But this fissure within the Democratic Party is directly tied to Obama’s legacy. The former president inflamed progressives, empowered and normalized them, but never quite delivered on his lofty promises of change. Even as Obama set the stage for his party’s hard-left shift, he was forced — to his endless frustration — to live within the realities of a representative republic.
Even recently, Obama — just like the progressives running against his legacy — praised Medicare for All as a “good new idea,” despite the fact that its success would mean the repeal of his signature achievement, ObamaCare.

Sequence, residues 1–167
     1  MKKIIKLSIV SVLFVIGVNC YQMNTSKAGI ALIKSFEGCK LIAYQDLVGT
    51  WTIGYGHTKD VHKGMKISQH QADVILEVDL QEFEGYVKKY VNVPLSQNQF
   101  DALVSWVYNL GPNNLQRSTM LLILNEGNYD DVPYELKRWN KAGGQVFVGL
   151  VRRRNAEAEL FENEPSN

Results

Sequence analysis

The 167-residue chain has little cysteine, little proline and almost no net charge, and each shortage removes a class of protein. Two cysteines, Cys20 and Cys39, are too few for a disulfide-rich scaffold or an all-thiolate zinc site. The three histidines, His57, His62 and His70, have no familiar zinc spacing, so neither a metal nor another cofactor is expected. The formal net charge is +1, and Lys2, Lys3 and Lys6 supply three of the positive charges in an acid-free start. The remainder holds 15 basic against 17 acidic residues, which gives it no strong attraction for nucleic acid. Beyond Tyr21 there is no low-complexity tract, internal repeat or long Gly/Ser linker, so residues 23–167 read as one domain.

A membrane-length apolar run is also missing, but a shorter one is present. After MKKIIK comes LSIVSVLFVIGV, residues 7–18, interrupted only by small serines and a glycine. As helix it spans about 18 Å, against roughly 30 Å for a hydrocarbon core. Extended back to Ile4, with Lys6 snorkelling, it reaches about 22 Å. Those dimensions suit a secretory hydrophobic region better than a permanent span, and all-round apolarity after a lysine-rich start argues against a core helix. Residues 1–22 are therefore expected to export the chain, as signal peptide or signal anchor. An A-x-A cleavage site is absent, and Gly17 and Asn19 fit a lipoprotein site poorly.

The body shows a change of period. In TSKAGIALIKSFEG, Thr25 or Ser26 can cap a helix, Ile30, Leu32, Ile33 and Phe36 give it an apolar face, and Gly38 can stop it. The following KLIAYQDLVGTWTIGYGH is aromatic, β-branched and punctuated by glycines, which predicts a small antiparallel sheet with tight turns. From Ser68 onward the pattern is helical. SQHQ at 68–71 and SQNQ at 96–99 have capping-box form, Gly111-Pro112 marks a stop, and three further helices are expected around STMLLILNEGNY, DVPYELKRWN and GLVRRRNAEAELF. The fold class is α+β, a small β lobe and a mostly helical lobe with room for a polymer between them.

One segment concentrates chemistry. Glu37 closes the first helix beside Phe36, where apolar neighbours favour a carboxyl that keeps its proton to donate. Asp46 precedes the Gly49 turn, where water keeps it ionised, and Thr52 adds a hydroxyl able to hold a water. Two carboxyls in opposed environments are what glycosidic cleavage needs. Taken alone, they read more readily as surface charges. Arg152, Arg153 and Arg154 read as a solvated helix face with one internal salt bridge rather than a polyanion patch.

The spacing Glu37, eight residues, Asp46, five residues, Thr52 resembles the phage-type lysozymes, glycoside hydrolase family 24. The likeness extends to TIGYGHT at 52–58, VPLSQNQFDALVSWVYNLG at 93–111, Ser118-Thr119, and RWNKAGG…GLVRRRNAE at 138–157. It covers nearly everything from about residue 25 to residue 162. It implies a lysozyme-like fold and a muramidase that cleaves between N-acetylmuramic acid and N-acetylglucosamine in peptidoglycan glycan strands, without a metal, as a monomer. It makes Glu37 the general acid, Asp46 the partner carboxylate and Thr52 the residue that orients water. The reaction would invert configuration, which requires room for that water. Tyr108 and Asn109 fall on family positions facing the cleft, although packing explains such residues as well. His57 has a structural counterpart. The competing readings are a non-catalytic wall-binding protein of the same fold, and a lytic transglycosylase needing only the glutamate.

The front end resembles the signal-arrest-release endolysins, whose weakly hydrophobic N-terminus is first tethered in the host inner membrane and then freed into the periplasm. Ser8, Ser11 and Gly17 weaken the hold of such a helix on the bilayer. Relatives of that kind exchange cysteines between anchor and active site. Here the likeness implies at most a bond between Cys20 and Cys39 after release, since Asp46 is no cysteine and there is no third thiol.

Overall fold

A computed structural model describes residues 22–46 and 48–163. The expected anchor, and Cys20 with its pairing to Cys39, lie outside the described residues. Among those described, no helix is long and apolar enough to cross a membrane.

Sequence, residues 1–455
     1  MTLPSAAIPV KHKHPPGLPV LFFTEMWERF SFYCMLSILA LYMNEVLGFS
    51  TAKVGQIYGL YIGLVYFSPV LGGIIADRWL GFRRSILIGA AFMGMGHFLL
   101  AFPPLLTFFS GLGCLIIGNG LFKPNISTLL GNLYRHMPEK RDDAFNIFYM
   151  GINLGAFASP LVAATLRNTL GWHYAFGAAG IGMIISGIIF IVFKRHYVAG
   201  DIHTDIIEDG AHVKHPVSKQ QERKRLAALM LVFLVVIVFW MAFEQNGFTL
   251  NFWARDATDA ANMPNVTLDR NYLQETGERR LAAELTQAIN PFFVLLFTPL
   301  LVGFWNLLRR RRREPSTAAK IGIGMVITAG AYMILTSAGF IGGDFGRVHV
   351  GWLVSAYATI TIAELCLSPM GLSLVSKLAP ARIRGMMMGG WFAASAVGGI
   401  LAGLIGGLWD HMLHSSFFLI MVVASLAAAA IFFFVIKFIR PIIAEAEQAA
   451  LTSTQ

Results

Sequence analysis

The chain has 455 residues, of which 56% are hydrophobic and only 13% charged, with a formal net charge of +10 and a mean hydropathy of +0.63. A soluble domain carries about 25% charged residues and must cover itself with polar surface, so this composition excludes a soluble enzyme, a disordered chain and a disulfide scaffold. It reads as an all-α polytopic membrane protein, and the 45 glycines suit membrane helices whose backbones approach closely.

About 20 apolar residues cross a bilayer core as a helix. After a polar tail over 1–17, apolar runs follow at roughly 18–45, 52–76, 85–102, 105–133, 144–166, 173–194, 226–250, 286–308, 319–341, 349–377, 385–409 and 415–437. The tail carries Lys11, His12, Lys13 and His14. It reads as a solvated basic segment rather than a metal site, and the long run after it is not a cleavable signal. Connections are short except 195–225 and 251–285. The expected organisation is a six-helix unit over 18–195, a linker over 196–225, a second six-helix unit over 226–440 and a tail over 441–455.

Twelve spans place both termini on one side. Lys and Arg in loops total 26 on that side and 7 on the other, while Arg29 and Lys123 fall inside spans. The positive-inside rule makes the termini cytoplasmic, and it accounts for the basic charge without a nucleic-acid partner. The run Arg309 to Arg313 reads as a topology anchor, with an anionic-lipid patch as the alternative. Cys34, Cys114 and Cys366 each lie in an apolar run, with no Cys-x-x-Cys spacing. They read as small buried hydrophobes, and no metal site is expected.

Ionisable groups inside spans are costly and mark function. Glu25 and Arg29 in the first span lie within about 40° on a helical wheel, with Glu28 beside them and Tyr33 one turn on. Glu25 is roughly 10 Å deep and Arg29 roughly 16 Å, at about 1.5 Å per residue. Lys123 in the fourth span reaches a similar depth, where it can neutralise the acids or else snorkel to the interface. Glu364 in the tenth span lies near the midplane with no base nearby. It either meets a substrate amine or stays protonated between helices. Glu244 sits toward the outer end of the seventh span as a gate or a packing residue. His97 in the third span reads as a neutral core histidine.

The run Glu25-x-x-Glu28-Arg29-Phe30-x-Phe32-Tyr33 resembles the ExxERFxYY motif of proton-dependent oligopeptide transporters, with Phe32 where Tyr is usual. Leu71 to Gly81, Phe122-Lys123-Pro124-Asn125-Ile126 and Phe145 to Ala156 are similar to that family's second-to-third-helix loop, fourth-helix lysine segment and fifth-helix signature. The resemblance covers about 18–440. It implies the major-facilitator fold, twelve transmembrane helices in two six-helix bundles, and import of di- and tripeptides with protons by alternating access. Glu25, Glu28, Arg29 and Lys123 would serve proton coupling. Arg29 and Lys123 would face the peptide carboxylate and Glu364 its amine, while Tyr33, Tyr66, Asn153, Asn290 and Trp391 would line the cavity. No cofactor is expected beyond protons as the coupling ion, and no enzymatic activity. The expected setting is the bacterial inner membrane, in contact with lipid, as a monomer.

If Obama doesn’t believe in his legacy, why should his ideological progeny cling to it?
In reality, the former president has always been something of an anomaly: a politician who, though personally admired by many voters, is a terrible advocate for anything other than himself. Some Democrats, it seems, have tricked themselves into believing that Obama’s policies, rather than the man, are popular.